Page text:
Design & Development
March 2, 2011

The End of the Strip Mall – Richmond

Good-bye, No. 3 Road.

No muncipality is converting more quickly from strip suburban to transit-oriented urban than Richmond – particularly that part of No. 3 Road adjacent to the Canada Line.  (For previous posts on the “AOL Triangle,” start here.)  

With an expected population equivalent to Vancouver’s Downtown Peninsula within walking distance of five rapid-transit stations (left), Richmond’s core will have the density.  As importantly, it will have the urban character and amenities.  Though constrained by the height limits because of flight paths to the airport (and on a flood plain, surrounded by dikes), the irresistible effect of YVR has trumped seismic concerns that previously kept this area from being designated a regional town centre. 

Also given Richmond’s appeal to Asian immigrants, the question was not whether dramatic growth would occur but how it would be shaped.

You can already get a good feel of the scale and character of this new city centre in blocks near Aberdeen Mall:

In the Alderbridge & Westminster Highway area north of City Hall:

And of course, in the area around the Olympic Oval, where River Green has already been well promoted.  But Brian Jackson, Richmond’s Director of Development, says this is just the beginning:

The area that you’re speaking of (the AOL Triangle)  is actually part of three “villages” as set out in our new City Centre Area Plan (CCAP) adopted September 14, 2009. 

Two of the three villages are centred on two transit stations (Aberdeen and Lansdowne); and the other is centred on the Oval.  …  we are looking for the intensification and urbanization of this area with mixed use, including residential, redevelopment with the highest densities focused at the stations or closest to the oval.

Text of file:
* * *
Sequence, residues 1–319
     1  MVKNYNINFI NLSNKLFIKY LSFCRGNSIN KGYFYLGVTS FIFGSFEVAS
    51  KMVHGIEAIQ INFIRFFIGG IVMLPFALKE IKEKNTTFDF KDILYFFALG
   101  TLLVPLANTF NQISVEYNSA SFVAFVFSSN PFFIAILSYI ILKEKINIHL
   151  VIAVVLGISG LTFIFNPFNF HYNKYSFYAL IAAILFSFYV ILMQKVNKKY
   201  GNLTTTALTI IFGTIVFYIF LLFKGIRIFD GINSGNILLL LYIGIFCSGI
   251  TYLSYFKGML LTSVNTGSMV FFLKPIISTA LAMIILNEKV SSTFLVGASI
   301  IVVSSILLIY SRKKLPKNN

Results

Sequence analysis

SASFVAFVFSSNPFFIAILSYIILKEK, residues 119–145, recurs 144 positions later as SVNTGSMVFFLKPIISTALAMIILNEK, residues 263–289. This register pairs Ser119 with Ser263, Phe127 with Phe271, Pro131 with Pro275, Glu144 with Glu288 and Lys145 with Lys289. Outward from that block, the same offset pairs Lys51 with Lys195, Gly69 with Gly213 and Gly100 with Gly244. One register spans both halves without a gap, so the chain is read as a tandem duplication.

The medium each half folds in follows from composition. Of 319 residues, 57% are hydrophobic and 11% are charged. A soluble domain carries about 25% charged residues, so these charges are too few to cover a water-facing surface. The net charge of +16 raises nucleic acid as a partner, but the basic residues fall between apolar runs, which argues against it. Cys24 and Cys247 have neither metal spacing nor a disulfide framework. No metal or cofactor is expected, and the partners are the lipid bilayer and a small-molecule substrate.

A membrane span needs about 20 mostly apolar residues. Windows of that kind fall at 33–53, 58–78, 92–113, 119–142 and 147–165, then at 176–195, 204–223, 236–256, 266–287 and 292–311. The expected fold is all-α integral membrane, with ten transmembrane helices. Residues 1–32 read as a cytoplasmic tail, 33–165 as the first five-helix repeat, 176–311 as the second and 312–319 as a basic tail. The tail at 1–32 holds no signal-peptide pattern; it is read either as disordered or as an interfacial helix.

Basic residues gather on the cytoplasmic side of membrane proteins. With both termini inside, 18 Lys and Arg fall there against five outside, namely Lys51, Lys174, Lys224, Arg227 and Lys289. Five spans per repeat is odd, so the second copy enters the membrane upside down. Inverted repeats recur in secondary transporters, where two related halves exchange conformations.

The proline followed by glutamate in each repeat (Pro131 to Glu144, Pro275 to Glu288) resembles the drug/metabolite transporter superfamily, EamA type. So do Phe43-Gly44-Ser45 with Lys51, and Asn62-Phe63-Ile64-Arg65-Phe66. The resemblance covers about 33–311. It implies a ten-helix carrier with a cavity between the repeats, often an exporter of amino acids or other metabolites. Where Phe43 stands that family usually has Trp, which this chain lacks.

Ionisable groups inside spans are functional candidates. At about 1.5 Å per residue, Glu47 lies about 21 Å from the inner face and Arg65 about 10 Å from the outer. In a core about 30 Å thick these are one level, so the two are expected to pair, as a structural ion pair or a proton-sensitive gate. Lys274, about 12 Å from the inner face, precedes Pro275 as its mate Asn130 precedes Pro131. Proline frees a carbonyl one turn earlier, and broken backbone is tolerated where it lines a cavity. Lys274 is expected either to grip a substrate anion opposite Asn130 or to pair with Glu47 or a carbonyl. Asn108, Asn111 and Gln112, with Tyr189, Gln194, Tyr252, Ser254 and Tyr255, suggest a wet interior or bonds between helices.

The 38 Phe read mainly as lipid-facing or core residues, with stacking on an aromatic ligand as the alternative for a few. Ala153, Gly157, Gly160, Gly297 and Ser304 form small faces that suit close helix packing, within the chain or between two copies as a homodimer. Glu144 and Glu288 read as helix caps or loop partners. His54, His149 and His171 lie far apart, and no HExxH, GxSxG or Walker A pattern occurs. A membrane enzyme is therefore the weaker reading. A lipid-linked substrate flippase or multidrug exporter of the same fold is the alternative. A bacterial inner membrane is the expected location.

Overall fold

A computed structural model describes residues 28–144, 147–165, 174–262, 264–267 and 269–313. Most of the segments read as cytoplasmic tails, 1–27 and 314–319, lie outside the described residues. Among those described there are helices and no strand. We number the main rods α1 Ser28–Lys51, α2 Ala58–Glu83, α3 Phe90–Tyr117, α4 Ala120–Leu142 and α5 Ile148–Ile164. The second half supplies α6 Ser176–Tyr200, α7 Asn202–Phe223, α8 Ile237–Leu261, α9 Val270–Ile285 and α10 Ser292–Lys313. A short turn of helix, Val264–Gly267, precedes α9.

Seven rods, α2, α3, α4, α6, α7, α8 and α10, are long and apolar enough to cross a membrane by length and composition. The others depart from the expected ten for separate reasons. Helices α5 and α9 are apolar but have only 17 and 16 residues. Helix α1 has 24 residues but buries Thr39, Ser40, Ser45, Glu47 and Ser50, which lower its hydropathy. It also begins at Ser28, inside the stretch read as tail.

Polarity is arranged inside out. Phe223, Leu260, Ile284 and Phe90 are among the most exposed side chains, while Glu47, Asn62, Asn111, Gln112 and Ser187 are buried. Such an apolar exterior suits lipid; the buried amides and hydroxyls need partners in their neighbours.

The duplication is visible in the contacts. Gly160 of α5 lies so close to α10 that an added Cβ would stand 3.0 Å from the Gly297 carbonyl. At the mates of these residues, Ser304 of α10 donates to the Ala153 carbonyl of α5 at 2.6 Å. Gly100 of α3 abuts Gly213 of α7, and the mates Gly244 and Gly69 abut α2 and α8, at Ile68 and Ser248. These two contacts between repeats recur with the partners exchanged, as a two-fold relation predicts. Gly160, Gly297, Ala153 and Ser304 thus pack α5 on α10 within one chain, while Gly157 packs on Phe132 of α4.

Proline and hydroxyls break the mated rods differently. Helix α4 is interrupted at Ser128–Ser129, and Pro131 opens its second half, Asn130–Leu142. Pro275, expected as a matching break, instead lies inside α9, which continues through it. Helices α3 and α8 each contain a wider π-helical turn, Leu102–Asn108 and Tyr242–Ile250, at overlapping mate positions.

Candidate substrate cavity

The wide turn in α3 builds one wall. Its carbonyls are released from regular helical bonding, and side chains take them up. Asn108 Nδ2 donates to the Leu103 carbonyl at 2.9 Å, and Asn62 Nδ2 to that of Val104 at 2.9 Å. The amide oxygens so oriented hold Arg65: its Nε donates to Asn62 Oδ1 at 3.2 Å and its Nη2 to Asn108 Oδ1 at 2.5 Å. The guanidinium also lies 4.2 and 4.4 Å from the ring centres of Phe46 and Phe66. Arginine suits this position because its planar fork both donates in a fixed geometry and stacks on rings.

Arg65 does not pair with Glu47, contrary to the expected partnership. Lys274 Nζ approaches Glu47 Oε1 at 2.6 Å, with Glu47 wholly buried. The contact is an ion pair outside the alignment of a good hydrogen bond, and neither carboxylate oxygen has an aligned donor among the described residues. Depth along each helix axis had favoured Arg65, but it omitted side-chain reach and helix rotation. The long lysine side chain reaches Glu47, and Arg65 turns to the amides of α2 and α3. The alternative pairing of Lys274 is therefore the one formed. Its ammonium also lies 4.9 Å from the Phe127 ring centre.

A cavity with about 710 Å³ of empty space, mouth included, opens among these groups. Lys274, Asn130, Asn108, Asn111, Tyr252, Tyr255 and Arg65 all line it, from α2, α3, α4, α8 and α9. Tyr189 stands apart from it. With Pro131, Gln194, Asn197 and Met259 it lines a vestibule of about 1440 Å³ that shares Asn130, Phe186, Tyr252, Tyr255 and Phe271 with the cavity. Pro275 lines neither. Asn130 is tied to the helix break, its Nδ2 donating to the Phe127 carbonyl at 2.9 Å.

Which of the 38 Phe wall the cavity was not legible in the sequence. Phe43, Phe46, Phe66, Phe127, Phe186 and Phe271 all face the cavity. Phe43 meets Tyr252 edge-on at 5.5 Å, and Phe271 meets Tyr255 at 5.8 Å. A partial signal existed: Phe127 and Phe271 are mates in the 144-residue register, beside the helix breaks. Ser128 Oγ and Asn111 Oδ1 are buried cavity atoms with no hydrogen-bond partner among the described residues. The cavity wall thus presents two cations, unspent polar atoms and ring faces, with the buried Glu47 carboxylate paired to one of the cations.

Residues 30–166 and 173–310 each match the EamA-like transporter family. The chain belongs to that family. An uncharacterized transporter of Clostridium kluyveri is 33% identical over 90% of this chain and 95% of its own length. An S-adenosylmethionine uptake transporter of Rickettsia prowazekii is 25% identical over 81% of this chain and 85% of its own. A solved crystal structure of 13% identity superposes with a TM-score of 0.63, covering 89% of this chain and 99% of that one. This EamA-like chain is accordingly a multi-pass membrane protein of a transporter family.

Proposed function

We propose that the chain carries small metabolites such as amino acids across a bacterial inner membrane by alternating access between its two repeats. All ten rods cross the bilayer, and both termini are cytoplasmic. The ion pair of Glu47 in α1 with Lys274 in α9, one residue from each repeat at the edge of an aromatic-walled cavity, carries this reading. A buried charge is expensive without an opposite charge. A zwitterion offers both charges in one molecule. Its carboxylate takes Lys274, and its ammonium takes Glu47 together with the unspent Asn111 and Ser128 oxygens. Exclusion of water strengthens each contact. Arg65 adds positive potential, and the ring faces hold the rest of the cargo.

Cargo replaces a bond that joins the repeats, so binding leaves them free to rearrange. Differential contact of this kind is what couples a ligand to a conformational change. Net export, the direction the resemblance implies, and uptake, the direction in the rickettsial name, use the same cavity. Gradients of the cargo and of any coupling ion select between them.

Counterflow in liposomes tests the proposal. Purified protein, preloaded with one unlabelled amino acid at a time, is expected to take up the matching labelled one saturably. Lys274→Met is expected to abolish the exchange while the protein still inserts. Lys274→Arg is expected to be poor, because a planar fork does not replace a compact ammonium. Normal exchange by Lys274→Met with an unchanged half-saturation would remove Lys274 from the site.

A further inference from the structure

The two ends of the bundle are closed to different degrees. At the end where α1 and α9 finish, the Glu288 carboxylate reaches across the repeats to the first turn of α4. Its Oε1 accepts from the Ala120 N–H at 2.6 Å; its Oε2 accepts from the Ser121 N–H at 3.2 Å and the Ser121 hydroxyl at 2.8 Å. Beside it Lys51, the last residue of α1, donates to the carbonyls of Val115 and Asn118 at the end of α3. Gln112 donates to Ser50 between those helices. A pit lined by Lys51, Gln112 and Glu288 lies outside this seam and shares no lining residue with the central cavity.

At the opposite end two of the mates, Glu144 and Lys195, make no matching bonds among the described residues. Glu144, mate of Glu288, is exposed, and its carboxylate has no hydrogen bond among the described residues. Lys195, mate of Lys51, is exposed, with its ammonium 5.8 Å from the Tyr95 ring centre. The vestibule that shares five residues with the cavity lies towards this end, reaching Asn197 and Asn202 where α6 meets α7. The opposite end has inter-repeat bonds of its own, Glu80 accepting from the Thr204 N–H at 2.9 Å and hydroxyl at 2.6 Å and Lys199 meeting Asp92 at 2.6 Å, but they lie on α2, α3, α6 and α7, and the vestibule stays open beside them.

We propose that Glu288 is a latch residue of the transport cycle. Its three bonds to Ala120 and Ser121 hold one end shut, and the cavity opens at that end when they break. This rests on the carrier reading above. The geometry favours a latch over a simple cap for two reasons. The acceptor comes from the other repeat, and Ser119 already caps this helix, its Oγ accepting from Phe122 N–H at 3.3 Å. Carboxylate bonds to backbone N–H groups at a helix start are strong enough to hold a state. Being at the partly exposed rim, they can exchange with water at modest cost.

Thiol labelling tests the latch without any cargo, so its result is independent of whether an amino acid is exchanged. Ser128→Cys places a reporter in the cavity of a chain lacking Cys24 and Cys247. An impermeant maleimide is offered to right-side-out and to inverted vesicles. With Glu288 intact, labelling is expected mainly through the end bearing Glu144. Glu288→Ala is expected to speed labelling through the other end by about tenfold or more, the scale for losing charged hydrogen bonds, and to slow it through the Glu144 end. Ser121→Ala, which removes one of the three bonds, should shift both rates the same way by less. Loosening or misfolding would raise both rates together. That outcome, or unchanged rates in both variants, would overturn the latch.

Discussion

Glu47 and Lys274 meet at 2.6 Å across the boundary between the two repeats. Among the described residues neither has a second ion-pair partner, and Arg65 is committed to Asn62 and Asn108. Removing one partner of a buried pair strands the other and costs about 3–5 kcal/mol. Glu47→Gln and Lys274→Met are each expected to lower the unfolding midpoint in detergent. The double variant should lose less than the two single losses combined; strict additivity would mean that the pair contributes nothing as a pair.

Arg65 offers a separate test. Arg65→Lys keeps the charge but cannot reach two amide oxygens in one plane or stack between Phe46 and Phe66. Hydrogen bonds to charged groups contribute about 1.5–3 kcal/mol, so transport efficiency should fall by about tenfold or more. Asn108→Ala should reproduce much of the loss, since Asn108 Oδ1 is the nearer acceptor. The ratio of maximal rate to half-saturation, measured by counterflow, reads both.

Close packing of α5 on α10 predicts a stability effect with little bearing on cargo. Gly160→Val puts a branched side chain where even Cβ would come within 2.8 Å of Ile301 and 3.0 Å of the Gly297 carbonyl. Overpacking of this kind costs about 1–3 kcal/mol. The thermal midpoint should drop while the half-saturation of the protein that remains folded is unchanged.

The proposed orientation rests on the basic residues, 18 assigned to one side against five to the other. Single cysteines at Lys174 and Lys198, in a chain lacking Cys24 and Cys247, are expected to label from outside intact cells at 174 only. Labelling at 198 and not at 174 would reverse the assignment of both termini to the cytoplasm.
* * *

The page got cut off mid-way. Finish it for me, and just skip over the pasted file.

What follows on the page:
We have several major development applications going through now that will help to realize that vision.  Amongst the ones we have in are Wing Leung’s Quintet development at Number 3 Road and Firbridge (rendering below) that includes a new community centre of 33,000 sq. ft. and university (for Trinity Western) and ASPAC’s development, both east and west of the Oval that will accommodate over 2,500 residential units, a commercial village core east of the Oval, together with new parks and waterfront trail.  In addition, we have two hotel applications near the Lansdowne Station, another high rise residential project from Onni, as well as several other developers poised to make other applications to intensify this area.

 

So, from a policy perspective, we’ve got everything in place for developers to move forward, when market conditions are right, to implement the vision set out in the plan.

Additionally, Richmond has also tried to address the loss of jobs-rich industrial lands that will be redeveloped to the west of No. 3 Road.  Says Brian:

The CCAP addresses this issue by creating “industrial reserves” in other parts of the City Centre which used to be single family neighbourhoods that cannot be residential anymore because of the flight path/noise issues.  In addition, as part of the OCP review, now underway, the policy section is doing an industrial analysis for all of Richmond to examine that very issue.

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[The third of a series.  Start here.]

It may be one-and-a-half times as long as the route from Lansdowne Station, but Olympic organizers will recommend to spectators heading for the speed-skating oval to get off at Aberdeen and walk the 1.5 kilometres along the Richmond River Walk.

To the north, the best features of Richmond: the Fraser, the mountains, life along the river. 

To the south, the less appealing industrial landscape of the ALO Triangle along River Road.

The block from Cambie to Gilbert is possibly the longest in the Lower Mainland – an unbroken kilometre, without a sidewalk.

Not that the dyke itself was designed to handle a lot of people.  Part way along, the Richmond Yacht Club leaves only a strip of gravel as a half-hearted bypass.